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In search of Westslope Cutthroat Trout

By Troutnut on July 22nd, 2017
Since moving to Washington in April, I've had a few chances to escape the crowds of the Seattle area and explore east of the Cascades, but one of my longtime goals -- to finally catch my first unambiguous, bonafide, beautiful Westslope Cutthroat -- had eluded me due to high water from spring snowmelt or fishing streams dominated by other trout. This weekend I went fishing and camping with my wife Lena & dog Taiga to check out a couple possible trout fishing spots.

Saturday, we dove into a labyrinth of forest roads, creeping along precipitous cliffs and changing one severely flat tire before arriving at a tiny stream in a high-altitude meadow. Having no previous information on this stream besides an old scientific report documenting the existence of the species, I was delighted to find one of the best small-stream fly fishing experiences I've had. There were fat, colorful Westslope Cutthroat in every likely-looking pool, and a few were pushing 10-11 inches, giants for the size of the water.

Photos by Troutnut from Mystery Creek #199 and the Yakima River in Washington

Comments / replies

Jmd123July 24th, 2017, 6:37 pm
Oscoda, MI

Posts: 2256
Love those little creeks, Jason! "Brookies of the West..." Hey, nice wildflowers too! I also like the wind farm.

Jonathon
No matter how big the one you just caught is, there's always a bigger one out there somewhere...
MartinlfJuly 25th, 2017, 11:26 am
Moderator
Palmyra PA

Posts: 2810
Gorgeous, Jason. Thanks!
"He spread them a yard and a half. 'And every one that got away is this big.'"

--Fred Chappell
CrenoJuly 25th, 2017, 2:46 pm
Grants Pass, OR

Posts: 277
Did I miss an update? What took you to Seattle? Pretty big city for Alaska folk :-)
TroutnutJuly 26th, 2017, 10:36 am
Administrator
Fairbanks, AK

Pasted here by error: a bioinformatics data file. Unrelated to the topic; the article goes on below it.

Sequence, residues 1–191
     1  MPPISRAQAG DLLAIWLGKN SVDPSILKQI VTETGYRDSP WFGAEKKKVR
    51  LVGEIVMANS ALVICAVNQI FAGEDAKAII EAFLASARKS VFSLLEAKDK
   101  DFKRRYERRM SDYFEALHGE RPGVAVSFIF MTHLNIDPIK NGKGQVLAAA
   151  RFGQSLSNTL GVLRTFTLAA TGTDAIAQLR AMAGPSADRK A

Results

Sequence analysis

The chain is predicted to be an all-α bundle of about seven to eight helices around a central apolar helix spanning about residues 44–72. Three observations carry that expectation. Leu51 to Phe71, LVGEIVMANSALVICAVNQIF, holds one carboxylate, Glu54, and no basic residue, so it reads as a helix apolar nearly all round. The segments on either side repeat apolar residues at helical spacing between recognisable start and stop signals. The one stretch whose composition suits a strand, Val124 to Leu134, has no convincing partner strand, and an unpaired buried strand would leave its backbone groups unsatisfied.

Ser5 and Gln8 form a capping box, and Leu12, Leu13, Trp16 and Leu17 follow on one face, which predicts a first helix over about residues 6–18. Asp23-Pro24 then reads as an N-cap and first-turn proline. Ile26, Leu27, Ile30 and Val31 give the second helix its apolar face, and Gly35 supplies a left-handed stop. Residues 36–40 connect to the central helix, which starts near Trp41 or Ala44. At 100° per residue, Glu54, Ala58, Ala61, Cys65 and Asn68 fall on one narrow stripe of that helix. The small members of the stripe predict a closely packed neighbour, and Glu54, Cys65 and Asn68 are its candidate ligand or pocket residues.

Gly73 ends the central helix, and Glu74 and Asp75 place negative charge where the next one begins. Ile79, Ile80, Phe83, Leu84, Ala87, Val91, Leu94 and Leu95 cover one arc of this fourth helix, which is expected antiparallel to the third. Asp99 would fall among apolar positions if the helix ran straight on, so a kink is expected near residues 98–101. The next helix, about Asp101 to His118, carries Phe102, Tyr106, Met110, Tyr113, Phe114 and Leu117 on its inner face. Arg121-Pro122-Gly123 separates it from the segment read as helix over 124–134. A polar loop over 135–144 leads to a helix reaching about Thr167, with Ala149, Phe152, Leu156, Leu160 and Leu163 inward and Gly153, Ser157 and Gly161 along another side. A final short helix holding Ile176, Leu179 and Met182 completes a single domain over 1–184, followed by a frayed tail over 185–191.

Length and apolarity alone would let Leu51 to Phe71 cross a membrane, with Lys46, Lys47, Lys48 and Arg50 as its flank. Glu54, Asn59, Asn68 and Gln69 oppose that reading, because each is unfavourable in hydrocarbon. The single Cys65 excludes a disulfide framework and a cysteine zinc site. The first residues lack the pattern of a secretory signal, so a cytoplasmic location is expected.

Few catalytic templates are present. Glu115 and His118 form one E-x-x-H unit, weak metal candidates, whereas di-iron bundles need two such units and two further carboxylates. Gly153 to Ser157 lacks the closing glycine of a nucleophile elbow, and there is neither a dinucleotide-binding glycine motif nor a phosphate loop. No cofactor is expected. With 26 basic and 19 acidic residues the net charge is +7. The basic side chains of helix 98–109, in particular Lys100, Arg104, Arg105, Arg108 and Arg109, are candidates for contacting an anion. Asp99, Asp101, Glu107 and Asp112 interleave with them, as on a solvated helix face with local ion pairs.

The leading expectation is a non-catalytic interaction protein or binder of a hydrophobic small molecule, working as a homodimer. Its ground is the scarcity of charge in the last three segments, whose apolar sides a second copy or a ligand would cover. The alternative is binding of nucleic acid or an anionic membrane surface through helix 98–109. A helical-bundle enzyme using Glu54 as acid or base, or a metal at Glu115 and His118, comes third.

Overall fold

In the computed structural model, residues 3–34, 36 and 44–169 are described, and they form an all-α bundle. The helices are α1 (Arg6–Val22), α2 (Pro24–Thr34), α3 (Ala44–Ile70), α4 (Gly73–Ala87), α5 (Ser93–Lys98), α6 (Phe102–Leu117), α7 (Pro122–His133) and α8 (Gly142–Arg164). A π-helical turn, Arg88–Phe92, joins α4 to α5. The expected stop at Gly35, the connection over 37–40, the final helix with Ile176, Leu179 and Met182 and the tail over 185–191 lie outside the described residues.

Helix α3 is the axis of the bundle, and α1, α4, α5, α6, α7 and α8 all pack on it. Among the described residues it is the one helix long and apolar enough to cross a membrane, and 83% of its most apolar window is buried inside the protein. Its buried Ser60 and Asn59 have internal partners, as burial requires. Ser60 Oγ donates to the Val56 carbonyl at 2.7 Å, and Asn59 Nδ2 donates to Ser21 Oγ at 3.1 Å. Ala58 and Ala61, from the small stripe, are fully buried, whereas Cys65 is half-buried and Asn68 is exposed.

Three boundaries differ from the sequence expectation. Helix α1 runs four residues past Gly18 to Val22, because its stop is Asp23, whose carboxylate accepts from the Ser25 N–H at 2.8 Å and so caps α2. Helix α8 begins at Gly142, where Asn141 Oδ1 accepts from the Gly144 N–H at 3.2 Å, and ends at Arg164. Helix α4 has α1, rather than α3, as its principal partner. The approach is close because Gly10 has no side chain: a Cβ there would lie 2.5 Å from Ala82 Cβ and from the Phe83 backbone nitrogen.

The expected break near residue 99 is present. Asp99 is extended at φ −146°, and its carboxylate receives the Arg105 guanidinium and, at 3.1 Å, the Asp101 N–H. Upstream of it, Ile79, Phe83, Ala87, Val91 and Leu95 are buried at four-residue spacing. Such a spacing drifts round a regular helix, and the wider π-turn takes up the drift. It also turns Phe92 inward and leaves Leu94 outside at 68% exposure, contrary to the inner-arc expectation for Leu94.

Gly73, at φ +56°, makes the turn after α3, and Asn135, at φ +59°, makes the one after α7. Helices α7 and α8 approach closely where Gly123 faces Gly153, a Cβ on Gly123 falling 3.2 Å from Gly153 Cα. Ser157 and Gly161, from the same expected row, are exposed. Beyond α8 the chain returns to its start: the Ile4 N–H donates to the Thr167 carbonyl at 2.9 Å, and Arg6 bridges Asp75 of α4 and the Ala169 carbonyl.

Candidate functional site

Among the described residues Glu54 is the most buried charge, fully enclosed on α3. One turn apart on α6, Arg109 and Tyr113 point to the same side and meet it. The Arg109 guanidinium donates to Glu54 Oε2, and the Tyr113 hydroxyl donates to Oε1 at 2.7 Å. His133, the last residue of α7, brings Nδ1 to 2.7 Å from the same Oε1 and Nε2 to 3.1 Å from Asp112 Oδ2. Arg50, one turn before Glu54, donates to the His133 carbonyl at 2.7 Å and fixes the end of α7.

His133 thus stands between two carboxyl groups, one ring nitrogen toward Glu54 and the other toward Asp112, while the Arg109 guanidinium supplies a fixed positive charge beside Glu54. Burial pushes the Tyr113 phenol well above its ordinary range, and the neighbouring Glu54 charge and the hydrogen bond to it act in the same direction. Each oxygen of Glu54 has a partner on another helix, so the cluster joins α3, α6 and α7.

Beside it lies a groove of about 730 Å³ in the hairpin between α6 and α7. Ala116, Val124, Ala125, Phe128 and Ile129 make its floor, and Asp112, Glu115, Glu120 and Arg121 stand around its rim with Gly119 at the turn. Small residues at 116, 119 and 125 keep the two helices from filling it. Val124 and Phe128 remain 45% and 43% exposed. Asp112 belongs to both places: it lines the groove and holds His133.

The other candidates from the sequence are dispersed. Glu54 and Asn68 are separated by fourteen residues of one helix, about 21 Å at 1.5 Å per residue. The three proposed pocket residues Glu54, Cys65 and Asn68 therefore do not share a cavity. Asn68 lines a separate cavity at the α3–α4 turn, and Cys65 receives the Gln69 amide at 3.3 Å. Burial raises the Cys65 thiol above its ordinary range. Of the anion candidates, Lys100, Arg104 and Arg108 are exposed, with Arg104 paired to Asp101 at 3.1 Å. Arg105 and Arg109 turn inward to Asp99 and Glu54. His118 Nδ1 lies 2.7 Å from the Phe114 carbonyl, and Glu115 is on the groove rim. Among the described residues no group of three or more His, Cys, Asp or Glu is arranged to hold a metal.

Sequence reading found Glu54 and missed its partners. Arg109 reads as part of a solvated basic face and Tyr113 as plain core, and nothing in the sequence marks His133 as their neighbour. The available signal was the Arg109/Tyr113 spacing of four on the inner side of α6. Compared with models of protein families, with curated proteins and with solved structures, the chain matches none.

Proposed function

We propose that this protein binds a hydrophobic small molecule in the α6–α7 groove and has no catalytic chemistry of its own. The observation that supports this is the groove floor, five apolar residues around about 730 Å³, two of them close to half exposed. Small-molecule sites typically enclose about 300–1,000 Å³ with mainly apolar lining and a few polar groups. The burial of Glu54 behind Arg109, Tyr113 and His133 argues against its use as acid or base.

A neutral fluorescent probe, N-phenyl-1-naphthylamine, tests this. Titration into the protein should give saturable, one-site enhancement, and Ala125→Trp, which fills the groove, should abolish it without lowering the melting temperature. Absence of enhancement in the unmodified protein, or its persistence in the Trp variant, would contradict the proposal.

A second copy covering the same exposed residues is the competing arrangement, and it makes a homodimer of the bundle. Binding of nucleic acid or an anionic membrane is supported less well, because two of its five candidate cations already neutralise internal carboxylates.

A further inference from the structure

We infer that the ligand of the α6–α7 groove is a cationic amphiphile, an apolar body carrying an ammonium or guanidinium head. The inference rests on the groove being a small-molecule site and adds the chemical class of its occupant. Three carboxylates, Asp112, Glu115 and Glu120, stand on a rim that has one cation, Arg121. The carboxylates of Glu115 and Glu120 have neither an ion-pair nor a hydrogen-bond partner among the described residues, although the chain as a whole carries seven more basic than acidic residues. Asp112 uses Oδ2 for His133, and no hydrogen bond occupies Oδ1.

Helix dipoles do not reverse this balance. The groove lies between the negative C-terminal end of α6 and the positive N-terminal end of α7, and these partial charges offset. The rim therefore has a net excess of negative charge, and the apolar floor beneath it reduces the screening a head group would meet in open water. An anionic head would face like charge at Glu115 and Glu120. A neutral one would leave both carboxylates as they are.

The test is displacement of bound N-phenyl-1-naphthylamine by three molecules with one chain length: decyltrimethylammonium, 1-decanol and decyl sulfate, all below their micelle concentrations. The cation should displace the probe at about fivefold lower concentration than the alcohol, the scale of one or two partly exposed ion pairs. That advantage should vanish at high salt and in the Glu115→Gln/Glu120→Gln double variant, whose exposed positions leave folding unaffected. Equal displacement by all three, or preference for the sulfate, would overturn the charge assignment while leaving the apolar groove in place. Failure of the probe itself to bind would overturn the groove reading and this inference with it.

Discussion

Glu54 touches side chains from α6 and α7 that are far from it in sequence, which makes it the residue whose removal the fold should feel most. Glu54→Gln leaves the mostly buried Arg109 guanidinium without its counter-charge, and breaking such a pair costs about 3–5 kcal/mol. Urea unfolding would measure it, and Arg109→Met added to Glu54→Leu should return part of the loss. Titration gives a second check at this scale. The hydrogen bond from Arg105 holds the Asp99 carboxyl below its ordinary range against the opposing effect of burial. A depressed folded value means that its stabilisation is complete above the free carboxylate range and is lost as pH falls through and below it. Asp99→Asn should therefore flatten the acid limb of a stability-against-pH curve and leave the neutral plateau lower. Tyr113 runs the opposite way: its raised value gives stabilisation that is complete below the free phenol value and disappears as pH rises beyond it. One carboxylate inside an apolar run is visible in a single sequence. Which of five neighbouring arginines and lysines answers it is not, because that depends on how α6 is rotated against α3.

Posts: 2438
Creno, I guess I never did a proper update post, but yeah I moved to the Seattle area for a new, hopefully long-term job with a small fisheries research company working on Columbia basin salmon & steelhead.

I'm living far enough out of town that interesting natural areas aren't too far away. Plus I've got the upper Columbia, Puget Sound, and Olympic peninsula all within 2-3 hours' drive, which was about the minimum drive time to go anywhere really cool from Fairbanks (with 1-2 exceptions) anyway.

The traffic is driving me crazy, though.
Jason Neuswanger, Ph.D.
Troutnut and salmonid ecologist
Jmd123July 26th, 2017, 2:29 pm
Oscoda, MI

Posts: 2256
Ah yes, the Pacific Northwest...many memories. BIG trees, lots of mosses, ferns, and lichens...and pretty little coastal cutthroats! Oh, and don't forget the rough-skinned newts, Pacific giant salamanders, red-sided garter snakes...and slugs everywhere! It's a very lush, green, wet place...and if you need snow, just drive up into the Cascades.

I lived in Coos Bay, OR for a year, '92 - '93, right near the bay and a mile inland from the Pacific. Used to fall asleep listening to the crashing of the surf off in the distance...and I had a great job doing field biology, collecting aquatic insects, electroshocking fish, measuring trees, ID-ing plant species, hiking up little coastal creeks or mountain-biking old logging roads (many of which we had to brush out with machetes) to get to more remote parts of our Research Reserve to save time (2-hour walk vs. 1-hour ride).